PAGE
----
Coulson (2016) has a similar interest to the broad question in this paper: to what extent is parliament a genuine actor in the policy process. To help answer this Coulson (2016) examines budget estimates committees using Hansard records for three Australian states: Queensland; Victoria; and South Australia, over five budget years: 2011-12 to 2015-16. The analysis is done by hand which limits the extent of the records that could be examined in a reasonable time. If parliament, or in this case, budget estimates committees (which are made up of parliamentarians), are important then the topics that the parliamentarians discuss should be related to the budget documents that were ostensibly the focus of the committee at that time. Coulson (2016) finds that approximately half of the topics raised by the parliamentarians were related to the budget documents being examined and that the parliamentarians focussed more on the budget measures than government policy or operational matters.
This paper also fits into an existing literature on examining the role of government in Australia’s economic history. For instance, Boot (1998), Frost (2000) and Boot (2000) focus on the role of government in the 1800s. While Boot (1998) and Frost (2000) disagree about the specific contribution, they agree that political concerns did influence government decision-making, and it was not just economic efficiency.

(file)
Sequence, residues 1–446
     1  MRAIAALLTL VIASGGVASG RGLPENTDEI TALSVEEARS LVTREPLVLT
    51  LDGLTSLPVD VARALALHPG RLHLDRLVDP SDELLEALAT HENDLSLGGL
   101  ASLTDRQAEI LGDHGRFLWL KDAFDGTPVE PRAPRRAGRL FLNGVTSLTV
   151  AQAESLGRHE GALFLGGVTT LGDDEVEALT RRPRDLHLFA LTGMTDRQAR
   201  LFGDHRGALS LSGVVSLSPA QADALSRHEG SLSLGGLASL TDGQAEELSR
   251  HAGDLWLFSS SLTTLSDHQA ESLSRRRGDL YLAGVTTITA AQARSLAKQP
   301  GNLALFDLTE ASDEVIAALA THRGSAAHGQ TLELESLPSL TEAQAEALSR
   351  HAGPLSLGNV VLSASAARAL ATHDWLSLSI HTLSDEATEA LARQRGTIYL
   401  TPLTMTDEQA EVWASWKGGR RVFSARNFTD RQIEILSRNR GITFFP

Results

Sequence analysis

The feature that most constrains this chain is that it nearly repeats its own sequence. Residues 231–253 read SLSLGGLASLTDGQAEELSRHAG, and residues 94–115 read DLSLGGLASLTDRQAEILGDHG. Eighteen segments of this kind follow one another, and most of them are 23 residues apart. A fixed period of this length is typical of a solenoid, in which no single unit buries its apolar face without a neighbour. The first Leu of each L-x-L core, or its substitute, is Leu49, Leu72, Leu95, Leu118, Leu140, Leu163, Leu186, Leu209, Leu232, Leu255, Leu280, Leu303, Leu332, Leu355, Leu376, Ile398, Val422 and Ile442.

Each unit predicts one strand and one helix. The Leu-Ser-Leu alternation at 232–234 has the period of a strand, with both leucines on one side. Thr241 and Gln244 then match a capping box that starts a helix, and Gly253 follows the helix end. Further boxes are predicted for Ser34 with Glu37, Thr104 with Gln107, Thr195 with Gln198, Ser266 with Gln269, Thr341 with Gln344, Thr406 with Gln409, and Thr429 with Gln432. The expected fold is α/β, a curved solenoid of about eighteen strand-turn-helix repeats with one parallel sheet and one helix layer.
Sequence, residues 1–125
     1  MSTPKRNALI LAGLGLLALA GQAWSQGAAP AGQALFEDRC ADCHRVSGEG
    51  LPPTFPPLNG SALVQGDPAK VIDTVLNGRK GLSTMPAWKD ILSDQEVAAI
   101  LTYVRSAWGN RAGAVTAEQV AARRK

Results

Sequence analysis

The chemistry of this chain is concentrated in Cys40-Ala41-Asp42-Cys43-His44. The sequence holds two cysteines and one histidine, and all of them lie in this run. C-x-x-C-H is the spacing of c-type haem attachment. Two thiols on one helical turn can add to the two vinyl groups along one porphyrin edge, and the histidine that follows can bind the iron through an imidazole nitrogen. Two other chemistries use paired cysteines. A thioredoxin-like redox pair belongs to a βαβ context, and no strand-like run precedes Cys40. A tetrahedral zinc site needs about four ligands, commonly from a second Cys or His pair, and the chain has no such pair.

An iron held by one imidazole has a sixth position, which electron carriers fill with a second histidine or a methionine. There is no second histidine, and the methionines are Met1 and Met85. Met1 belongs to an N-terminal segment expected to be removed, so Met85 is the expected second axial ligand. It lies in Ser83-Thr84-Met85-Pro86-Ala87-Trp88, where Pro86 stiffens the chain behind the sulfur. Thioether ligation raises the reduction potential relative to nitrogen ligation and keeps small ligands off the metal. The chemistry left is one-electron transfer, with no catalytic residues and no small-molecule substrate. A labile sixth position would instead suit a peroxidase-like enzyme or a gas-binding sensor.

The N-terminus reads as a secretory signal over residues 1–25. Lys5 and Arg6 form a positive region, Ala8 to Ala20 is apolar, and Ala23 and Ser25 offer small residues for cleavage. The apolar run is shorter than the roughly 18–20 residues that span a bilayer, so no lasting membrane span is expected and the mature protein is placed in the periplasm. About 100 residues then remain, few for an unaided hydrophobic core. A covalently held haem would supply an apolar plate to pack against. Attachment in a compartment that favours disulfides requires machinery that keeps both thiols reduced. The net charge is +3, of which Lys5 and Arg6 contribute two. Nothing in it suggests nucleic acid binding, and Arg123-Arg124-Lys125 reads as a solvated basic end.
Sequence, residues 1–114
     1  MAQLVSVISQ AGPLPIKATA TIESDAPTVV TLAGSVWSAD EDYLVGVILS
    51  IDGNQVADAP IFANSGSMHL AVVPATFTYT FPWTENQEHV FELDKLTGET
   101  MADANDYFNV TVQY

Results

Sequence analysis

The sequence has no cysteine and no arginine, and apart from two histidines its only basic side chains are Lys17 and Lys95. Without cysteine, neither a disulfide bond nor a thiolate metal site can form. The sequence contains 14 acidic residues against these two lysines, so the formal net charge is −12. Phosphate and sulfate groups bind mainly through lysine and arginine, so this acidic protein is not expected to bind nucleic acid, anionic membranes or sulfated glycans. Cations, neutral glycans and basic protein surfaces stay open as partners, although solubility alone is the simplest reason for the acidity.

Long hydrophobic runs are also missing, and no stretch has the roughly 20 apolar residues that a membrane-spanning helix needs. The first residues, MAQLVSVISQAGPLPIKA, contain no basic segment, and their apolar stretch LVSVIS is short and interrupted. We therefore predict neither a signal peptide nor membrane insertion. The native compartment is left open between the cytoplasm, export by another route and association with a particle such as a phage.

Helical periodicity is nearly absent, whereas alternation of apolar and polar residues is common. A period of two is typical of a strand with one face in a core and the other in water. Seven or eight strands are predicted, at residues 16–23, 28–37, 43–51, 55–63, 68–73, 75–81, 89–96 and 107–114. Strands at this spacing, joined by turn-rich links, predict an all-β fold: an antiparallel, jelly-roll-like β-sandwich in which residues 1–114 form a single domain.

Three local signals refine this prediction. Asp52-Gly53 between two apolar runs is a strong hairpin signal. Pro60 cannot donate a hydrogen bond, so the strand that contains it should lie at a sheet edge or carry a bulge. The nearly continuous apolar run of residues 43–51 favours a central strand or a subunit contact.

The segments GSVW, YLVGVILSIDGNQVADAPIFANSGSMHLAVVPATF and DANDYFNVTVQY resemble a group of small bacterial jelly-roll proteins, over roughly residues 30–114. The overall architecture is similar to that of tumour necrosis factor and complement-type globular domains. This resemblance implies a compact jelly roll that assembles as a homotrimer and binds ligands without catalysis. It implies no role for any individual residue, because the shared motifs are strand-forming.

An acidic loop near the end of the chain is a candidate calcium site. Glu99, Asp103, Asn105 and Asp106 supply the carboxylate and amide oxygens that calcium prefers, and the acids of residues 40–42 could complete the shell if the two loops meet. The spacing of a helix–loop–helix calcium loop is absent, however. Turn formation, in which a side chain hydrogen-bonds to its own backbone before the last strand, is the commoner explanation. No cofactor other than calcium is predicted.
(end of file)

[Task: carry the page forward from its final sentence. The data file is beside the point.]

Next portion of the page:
[Expand/amend - need longer and disaggregated series - ABS Year Book.]
Government spending from RBA (http://www.rba.gov.au/statistics/frequency/occ-paper-8.html):
[Expand/amend.] In 1901 six former British colonies federated to form Australia. The first parliament sat on 9 May 1901, and a written record of what has been said in parliament is available since that time. Based on the UK parliament, this record is called Hansard.
The mission statement of Hansard is: ‘To provide an accurate, substantially verbatim account of the proceedings of the parliament and its committees which, while usually correcting obvious mistakes, neither adds to nor detracts from the meaning of the speech or the illustration of the argument.’ (http://www.aph.gov.au/Parliamentary_Business/Hansard, accessed 12 September 2017).
While Hansard is not necessarily verbatim, it should be close enough for the purposes of this paper. For instance, Mollin (2008) found that in the case of the UK Hansard the differences would only affect specialised linguistic analysis. Edwards (2016) examines the UK, Australia and New Zealand and finds that changes are usually made by those responsible for creating the Hansard record, instead of the parliamentarians. This also provides reassurance that any differences from the verbatim record should not be meaningful for this paper.
The Australian Parliament House makes Hansard available online (http://www.aph.gov.au/Parliamentary_Business/Hansard), Tim Sherratt at the University of Canberra has scraped the website and makes the entire Hansard for 1901 to 1980 available in XML files (http://historichansard.net/).
After downloading and doing some brief cleaning some initial summary statistics can be created for Hansard.